Monday, December 8, 2008

Why the brightest (and the urban) are not always the best

I found Frank Rich's column in Sunday's New York Times interesting in relation to the urban elitism I have attributed to the incoming Obama administration and the media's coverage of it (as in this post). Rich's column is titled, "The Brightest are Not Always the Best." Rich's headline refers to David Halberstam's book, "The Best and the Brightest," about "the hubristic J.F.K. team that would ultimately mire America in Vietnam." In his new introduction for the 20th anniversary of the book Halberstam "noted that the book’s title had entered the language, but not quite as he had hoped. 'It is often misused,” he wrote, 'failing to carry the tone or irony that the original intended.'”

Here's an excerpt from Rich's column:
In his 20th-anniversary reflections, Halberstam wrote that his favorite passage in his book was the one where Johnson, after his first Kennedy cabinet meeting, raved to his mentor, the speaker of the House, Sam Rayburn, about all the president’s brilliant men. “You may be right, and they may be every bit as intelligent as you say,” Rayburn responded, “but I’d feel a whole lot better about them if just one of them had run for sheriff once.”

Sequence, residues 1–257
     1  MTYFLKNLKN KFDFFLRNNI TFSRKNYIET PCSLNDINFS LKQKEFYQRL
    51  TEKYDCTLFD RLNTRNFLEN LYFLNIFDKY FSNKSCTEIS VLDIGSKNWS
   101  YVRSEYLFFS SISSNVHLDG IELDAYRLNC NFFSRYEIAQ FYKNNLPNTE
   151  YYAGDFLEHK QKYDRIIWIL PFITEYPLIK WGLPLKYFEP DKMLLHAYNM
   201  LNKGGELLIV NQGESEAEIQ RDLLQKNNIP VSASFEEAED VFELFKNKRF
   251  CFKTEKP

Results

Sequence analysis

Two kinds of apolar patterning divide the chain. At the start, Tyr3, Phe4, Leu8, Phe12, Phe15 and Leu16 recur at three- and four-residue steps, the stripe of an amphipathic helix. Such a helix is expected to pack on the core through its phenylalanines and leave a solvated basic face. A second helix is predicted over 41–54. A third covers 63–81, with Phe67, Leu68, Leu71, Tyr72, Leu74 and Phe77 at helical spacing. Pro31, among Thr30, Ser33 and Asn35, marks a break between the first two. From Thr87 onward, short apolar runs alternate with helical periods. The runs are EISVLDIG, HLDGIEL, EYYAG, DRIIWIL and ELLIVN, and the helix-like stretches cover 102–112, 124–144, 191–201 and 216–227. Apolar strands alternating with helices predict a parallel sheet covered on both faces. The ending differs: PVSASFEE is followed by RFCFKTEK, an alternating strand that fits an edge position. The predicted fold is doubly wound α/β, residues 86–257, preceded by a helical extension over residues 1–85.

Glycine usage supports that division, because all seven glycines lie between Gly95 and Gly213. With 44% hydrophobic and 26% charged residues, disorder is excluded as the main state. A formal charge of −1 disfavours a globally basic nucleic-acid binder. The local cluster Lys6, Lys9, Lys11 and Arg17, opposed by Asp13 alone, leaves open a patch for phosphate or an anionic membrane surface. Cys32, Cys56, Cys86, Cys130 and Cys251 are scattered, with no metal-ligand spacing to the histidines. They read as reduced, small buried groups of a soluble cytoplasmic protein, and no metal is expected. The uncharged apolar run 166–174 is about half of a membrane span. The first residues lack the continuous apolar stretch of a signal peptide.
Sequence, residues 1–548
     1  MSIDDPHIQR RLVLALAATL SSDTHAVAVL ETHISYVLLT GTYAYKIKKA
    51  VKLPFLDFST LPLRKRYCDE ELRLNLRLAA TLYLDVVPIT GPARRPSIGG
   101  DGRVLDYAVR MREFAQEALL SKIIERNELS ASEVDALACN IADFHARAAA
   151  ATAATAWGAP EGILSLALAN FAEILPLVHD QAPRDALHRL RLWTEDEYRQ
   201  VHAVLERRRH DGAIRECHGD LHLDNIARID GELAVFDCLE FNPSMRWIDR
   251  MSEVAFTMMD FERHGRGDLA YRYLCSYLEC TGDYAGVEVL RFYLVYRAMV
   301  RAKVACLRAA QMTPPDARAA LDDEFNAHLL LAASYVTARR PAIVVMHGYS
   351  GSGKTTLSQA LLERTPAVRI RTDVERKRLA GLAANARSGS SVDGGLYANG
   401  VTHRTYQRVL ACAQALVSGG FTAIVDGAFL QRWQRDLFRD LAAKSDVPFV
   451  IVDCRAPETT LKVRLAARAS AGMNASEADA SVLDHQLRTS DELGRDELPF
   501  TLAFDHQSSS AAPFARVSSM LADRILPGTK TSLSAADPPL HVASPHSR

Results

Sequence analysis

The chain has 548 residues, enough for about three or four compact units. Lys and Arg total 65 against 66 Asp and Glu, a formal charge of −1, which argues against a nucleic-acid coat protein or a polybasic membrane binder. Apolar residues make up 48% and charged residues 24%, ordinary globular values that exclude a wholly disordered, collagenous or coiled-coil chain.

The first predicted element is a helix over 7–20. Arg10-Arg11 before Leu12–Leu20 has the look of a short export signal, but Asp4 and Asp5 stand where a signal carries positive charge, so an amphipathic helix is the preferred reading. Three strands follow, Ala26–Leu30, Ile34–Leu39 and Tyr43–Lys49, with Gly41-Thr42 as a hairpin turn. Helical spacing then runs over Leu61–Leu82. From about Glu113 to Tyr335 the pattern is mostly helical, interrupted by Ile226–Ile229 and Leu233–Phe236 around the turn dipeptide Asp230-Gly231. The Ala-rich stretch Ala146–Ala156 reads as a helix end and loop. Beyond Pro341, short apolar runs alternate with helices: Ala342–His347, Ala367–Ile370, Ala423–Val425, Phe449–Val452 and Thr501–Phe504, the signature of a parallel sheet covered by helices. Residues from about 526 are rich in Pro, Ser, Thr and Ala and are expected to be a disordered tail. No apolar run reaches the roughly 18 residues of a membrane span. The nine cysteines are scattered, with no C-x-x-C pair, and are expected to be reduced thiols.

Halberstam loved that story because it underlined the weakness of the Kennedy team: “the difference between intelligence and wisdom, between the abstract quickness and verbal facility which the team exuded, and true wisdom, which is the product of hard-won, often bitter experience.”
Of course, it is not only those with rural pedigrees who have common sense and practical experience -- who may have "run for sheriff once." Nevertheless, there is a great deal to say for a little diversity across the rural-urban axis when you're running a country where rural residents represent a substantial minority of almost one-fifth of the population.

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